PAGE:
Future Teachers of Tomorrow

The future of technology in the classroom

What Every Teacher Should know about Technology October 23, 2012

 In the classroom, there is no escaping technology! But, according to the Ed-Tech professor, Bernie Poole, in his article, “What Every Teacher Should Know About Technology,” he writes, “Technology must be integrated effectively if it is to make a difference in the way teachers teach and students learn.” I think this is extremely important, and that every teacher should take this very seriously, and have a clear acknowledgment of it throughout their entire career. After reading through the article, I realized that I am not as “computer smart” as I may have thought, since there are so many specific skills that every teacher should acquire, if they want to be the best teachers. The majority of the technology-related skills, in which Poole covers, I know how to use successfully, but I know I must take all of them into consideration, if I want to be a good teacher and make a difference in my students’ lives. The technology-related skills include, proficiency in the use of productivity tools, troubleshooting problems, knowing where to find technical assistance, the wide range of Web resources related to the subject area, as well as Web searching skills, and most importantly, being open to learning new ways of doing things. Teachers have major responsibilities, and one of those, which I feel is most important, is learning the different ways that each and every one of your students learn, and the only way that this can be possible is by not only knowing what you’re teaching, but how you’re teaching and how you’re going to engage everyone.

 

Reading Eggs: Where Children Learn to Read

Filed under: Uncategorized — greene08lisa @ 3:27 am
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Technology is growing faster than we may think, and it is quickly moving into classrooms, anywhere from kindergarten through college. I am one of those who has always thought I understood, and kept up with the most well-known, and widely used technologies, but that all changed a few days ago. I was overlooking my fiancée’s five-year-old son, a few days ago, while he was practicing and learning his letters and how to read, on a program called Reading Eggs. The program, Reading Eggs, is a website that is used in the kindergarten classrooms, and continues on through Elementary school, which provides the students with a variety of different aspects of learning their letters and reading. The site uses everything from drawing, reading aloud, interesting reading games and activities to help engage the students, to motivating songs and rewards to get students proud to be learning. When the students first start using Reading Eggs, they are given a username and password to sign in, where they have their own account and a fun map that keeps track of their journeys and makes sure that the students are on their most suitable level. The students are given simple placement test that ensure that they are on the correct path and level for their age group.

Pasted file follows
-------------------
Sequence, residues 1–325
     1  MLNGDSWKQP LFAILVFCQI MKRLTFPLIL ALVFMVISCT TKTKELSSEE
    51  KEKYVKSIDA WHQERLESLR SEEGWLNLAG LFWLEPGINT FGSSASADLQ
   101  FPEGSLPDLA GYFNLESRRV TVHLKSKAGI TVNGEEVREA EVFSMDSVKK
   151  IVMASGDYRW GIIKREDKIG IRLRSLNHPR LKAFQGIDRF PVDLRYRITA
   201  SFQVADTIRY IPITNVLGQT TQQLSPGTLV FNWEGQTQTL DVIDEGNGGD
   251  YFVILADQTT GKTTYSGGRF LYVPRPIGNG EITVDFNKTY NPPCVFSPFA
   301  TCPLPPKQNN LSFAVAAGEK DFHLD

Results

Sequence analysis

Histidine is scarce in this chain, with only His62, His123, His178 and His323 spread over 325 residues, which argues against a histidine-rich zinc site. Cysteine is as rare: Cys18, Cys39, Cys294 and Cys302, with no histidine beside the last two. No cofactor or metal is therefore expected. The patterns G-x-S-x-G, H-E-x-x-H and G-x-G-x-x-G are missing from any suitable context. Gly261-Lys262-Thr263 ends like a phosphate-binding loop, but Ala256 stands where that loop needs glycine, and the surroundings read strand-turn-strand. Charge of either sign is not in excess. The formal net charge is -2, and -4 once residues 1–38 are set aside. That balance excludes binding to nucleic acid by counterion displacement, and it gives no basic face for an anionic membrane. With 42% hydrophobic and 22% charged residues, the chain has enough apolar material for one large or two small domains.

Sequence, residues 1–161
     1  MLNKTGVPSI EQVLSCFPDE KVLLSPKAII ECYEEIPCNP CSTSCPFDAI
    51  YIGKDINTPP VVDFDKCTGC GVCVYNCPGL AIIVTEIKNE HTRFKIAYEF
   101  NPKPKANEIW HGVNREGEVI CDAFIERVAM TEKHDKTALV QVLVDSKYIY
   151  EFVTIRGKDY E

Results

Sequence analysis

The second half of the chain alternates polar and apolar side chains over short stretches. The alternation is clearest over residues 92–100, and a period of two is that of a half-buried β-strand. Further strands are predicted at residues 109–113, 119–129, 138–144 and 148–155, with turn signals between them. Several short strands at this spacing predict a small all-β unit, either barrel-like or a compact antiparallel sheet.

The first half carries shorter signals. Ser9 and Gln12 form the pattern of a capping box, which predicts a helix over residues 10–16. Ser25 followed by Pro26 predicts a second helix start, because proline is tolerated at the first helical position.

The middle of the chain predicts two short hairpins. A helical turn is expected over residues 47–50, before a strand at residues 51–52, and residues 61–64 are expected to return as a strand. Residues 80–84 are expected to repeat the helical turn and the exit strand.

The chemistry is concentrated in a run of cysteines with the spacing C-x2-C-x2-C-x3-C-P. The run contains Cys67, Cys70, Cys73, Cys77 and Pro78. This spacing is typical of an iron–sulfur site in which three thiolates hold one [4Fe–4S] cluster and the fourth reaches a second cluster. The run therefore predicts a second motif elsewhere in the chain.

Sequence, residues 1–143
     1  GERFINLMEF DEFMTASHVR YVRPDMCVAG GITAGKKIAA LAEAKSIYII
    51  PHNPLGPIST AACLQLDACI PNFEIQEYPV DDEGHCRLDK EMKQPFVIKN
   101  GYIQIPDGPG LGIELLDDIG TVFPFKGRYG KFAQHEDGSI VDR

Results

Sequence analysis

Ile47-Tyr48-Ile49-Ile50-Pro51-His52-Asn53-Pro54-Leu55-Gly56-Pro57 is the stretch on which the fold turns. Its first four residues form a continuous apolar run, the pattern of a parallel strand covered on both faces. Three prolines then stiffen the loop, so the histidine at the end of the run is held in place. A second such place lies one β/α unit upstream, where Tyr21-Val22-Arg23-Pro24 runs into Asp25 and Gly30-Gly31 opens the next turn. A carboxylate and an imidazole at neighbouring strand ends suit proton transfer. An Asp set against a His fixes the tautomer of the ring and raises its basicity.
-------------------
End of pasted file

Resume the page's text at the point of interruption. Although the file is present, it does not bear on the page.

In conclusion, I truly feel that this is an amazing program for not only the students’ benefits, but to help teachers with the complications that come along with teaching how to read, as well. I am so glad that I am able to engage and learn, while helping my future step son continue his long journey of learning how to read and write, with Reading Eggs. I think that this experience will help me tremendously with my future career as an Elementary school teacher because it adds another technology, to the list of many, which will be very useful in my classroom. 

 

Separating Professionalism and Privacy October 6, 2012

Filed under: Identity,Social Network,Uncategorized — danberenato @ 5:54 pm
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When it comes to hiring in education, teacher candidates have been constantly judged by their Facebook profiles. On one end, it is up to the user what information is displayed to whom, but it is important that we as teachers take our social media lives in moderation because it could affect us professionally. Teachers or potential teacher candidates are held to a higher standard when it comes to being a role-model. A simple thing such as an opinionated post, a picture of a teacher holding a red solo cup  or liking a post during work hours could endanger your job. It only takes one person to notice before a situation explodes. Where do you think a line should be drawn when it comes to teachers and social media? I believe it is our responsibility to moderate our behavior on these sites, but at the same time it is disappointing to see how much your personal life can affect your profession.